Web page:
Image of a female student siting on a flexible ball chair while working at a computer.

Samantha Miller, a junior Cosmetology student from East Greenbush CSD uses the Zenergy Ball chair while completing cosmetology theory assignments.

The Rensselaer Educational Center has implemented mindfulness and self-care strategies this academic year to meet the goal of promoting more inclusive environments for all students. REC created an Equity Team comprised of teachers and staff in July 2018. The team spends time learning more about mental health awareness, resilience and ways to improve equity and counter bias. As equity team members learn different strategies, they share practical information with all staff at monthly faculty meetings.

Equity Team and building staff chose to promote self-care activities for both teachers and students to commit to the goal of more inclusive learning environments. Two REC teachers embraced the invitation to adjust learning environments in order to meet the different learning styles of their students.

Consultant teachers Beth O’Brien and Courtney Lapp put some flexible seating chairs in their classroom, as a pilot for other classrooms to consider. O’Brien and Lapp chose Zenergy Ball chairs and Kore Wobble chairs. Both are designed to engage a student’s core to create stability and better posture while providing a way for students to move their body in an appropriate way that does not distract from their work.

“Flexible seating alters the physical space of a classroom to create a learning environment that can help a student focus on what they are learning as opposed to focusing on trying to focus. We as people are natural movers and shakers and students can’t always turn that off. The flexible seating in our room provides an opportunity for students to use a tool that manages their physical need to move that won’t interfere with their learning,” says O’Brien.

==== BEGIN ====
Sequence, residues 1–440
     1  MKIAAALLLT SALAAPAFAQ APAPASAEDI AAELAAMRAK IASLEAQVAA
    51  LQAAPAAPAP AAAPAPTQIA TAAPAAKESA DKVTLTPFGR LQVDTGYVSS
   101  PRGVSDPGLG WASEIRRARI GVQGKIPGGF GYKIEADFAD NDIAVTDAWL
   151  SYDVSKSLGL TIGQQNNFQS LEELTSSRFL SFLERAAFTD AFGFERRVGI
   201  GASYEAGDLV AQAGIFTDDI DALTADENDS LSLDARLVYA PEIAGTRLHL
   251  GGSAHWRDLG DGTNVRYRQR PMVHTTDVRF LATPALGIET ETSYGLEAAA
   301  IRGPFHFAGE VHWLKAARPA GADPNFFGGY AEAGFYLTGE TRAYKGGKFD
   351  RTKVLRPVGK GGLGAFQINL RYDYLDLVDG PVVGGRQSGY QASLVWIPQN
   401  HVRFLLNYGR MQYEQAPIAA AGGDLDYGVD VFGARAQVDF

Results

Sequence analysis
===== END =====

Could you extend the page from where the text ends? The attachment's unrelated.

This doesn’t mean using the new seating options is a requirement. Part of the idea behind flexible seating is the ability to choose what works best for you.

“Flexible seating isn’t for everyone and that’s ok. It’s important for students to learn and recognize what works for them and what doesn’t. This gives students extra tools they can choose to bolster their personal learning environment,” says Lapp.

The response to the flexible seating in this classroom has been overwhelmingly positive. Students are excited to snag their “seat of choice” and get right to work. Some students have even asked where the chairs were purchased so they can get one for home too.

Cosmetology student Samantha Miller, from East Greenbush CSD, has used the Zenergy Ball chair quite a bit, and sees a clear benefit.

“I fidget a lot and using this chair helps me stay focused. My fidgeting doesn’t distract me when I am sitting on this chair. I like it a lot.”

Other students have often commented they wished they had that chair in their other classrooms. There has also been positive feedback from staff about the chairs after quick collaboration meetings to discuss strategies or curriculum.

REC staff is excited about the positive response from students, which has translated into improved quality of work. The chairs have also led to better utilization of the time students spend with a consultant teacher. Staff are thinking ahead to next year about how to increase this small adjustment to a learning environment that has reaped big dividends already.


Image of male student using a Wobble chair to demonstrate that it's OK to include movement in learning.

Eric Mace, a senior Auto Technology student from Berlin CSD, uses the Wobble chair when working on independent assignments.


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